Day 175 - Scott (1st person I approached)
June 24, 2014 - Scott was sitting at a table having a coffee. He had a computer, notebook and phone all within reach. It looked like a mobile office. When I asked Scott if he’d chat with me, he looked online for The Stranger Project 2014 Facebook page, and agreed to chat.
Scott was born in Barrie, Ontario, the youngest of three children.
“My father was in the military so we moved around a bit, but always within the province of Ontario. My parents realized at an early age that I didn’t handle moving very well. I’ve always been a creature of habit I guess. My Dad actually turned down advancement in order to avoid another relocation. They were always supportive,” said Scott. The family lived on base at Canadian Forces Base (CFB) Borden, or “Camp Borden” as it's known.
“Everything was contained on the base. I went to school there with other military kids. We had a movie theatre, shops and facilities, all behind the fence of the base. The most amazing thing was the equipment we had to play on, including a military tank that we could get inside,” said Scott.
“The housing was according to rank, so as my father got promoted, sometimes we would move a block away from where we were living. It was still on base, but the next house would be bigger than the previous one, relative to rank. I was still going to the same base school, so those moves were easy to handle. I didn’t have to make new friends and adjust all over again.” The family relocated to CFB Downsview, a suburban base in the Toronto area.
“We lived on base but I went to an off-base school. I definitely noticed a broader more diverse range of kids in school there. I think as I was getting older, dealing with puberty and finding out who I am, I spent a lot of time comparing myself to others. I had made a lot of friends and they all seemed to be more successful than I felt. I played the piano, but I wasn’t a sports team captain. I was very much an observer,” said Scott. The family moved again, this time to the Richmond Hill area, still considered a part of the Greater Toronto area.
When Scott was an infant, his parents bought some property that was largely inaccessible by any means other than boat.
“They took us the first year and we camped in a tent. We went back every year for the first sixteen years of my life. My mother's brother and her sister each owned property on the same lake as well. I helped my father build our cabin which became our summer home. It didn’t have any electricity or running water. My father and I built the other cabins and they had all the modern conveniences, but not ours. I learned a very good life lesson in those early summers of my childhood. A work-hard ethic that has stayed with me. It meant being the first one up in the morning, get the fire going and make the coffee. Get to work on things that needed to be done. I’ve always been a hard worker and I attribute it to those summers with my father,” said Scott.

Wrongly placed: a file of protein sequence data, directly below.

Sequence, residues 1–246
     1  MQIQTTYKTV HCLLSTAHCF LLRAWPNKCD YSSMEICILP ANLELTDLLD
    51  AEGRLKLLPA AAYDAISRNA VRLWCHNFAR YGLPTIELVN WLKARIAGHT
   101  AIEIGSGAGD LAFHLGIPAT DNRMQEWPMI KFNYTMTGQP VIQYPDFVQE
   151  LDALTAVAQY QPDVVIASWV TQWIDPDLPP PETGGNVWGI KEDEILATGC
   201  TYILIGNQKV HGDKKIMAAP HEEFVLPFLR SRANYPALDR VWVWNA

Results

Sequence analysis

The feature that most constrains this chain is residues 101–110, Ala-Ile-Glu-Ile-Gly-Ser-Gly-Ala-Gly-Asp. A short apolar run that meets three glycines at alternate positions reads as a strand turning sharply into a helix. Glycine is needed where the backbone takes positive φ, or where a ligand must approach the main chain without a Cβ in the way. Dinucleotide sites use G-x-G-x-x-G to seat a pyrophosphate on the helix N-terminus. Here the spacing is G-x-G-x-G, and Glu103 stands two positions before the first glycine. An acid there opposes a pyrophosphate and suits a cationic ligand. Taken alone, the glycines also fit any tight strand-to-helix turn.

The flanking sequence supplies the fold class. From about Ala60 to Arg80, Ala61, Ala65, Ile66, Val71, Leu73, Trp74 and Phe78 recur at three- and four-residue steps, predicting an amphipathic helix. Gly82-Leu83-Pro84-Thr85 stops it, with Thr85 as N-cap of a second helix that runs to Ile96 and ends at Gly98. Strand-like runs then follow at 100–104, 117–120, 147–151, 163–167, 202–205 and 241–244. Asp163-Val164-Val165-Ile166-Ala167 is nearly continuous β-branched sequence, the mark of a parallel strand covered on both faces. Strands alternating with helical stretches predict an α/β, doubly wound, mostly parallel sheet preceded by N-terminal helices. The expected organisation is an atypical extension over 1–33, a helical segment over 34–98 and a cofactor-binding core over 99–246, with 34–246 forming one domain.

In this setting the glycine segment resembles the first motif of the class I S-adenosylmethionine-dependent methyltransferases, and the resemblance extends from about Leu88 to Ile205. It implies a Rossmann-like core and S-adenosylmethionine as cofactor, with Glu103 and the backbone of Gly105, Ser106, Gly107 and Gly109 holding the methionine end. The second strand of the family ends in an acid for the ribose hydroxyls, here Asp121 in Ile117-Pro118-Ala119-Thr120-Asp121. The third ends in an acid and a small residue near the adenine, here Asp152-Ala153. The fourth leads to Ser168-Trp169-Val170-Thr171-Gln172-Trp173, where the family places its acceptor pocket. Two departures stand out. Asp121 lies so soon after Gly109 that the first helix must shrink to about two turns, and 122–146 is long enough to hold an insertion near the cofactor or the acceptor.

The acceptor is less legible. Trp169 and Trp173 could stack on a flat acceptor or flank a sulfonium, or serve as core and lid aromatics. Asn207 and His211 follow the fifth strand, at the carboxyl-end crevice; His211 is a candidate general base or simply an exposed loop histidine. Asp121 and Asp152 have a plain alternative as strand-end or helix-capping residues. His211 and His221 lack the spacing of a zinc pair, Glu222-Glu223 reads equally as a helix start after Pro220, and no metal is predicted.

Scott moved to London, Ontario to attend Western University (University of Western Ontario).
“I went to study business, psychology and a bit of music. In my final year of studying for my bachelor’s degree, I switched direction a bit. I realized that I really liked the psychology. So in my fourth year I moved away from the business and creative side of study, and went into Clinical Psychology.” Scott says.
"It's a challenging field and that made for an intense final year at Western University. I wanted to push forward and decided that getting a Masters degree wouldn’t be enough for me. Sure it can open doors, but I figured a Doctorate would open more doors. I did some research and applied to three Universities that had strong programs. I wrote to one of the Professors that I admired at UBC (University of British Columbia). I said that I was interested in having her as my mentor and guide. The selection process is tight with over 250 applicants applying for 12 places in the program. They looked at my results from Western. Even though I had only done the one year in Clinical Psychology, they were impressed, and I got accepted into the program!” said Scott.
"My parents came to Vancouver with me to help me get settled in to my apartment in Kitsilano. I remember that moment of saying goodbye to my parents when they were heading back to Ontario. I was the first family member to move out of province. It was a significant moment in my life. I had to make all my own decisions. I had come out to my family a couple of years earlier, but now I was socializing and making friends with other people who were gay. I felt liberated,” said Scott. Throughout his years in UBC, Scott studied hard, worked a couple of jobs and travelled in the summer months.
“I had some great opportunities with regard to working and gaining experience. I also travelled North Africa extensively, Mexico, Egypt, India, Western Europe, Thailand, Vietnam. It was that work hard ethic from my childhood that drove me. I worked hard in school, and worked hard outside of school to be able to travel during the summers,” he said.
After getting his Doctorate, Scott got a job right out of graduate school.